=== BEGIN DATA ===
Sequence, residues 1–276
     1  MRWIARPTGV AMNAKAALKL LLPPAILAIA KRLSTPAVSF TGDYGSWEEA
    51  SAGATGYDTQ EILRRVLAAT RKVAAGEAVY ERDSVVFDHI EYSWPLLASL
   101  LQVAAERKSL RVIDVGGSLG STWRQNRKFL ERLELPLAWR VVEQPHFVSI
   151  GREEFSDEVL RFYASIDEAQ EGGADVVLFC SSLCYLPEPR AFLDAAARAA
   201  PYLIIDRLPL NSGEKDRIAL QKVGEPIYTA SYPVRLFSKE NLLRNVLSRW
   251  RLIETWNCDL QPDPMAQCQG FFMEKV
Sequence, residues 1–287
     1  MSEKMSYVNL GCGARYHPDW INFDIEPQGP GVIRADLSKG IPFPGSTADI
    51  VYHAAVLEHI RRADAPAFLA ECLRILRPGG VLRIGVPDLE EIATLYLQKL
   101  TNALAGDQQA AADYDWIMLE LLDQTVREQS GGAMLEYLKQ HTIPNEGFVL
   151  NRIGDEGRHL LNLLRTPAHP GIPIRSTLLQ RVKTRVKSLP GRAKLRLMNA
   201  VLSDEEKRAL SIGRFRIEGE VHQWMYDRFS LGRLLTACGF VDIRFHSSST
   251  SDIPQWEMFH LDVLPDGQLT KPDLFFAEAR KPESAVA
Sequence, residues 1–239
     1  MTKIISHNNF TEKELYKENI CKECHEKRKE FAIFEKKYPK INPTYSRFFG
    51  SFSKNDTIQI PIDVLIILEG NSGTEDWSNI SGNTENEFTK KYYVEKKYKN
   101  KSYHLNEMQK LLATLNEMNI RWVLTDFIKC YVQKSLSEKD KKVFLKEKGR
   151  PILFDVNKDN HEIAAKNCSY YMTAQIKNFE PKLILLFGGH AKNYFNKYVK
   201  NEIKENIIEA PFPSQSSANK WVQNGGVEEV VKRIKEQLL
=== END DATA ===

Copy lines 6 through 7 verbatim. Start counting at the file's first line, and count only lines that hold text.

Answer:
   201  PYLIIDRLPL NSGEKDRIAL QKVGEPIYTA SYPVRLFSKE NLLRNVLSRW
   251  RLIETWNCDL QPDPMAQCQG FFMEKV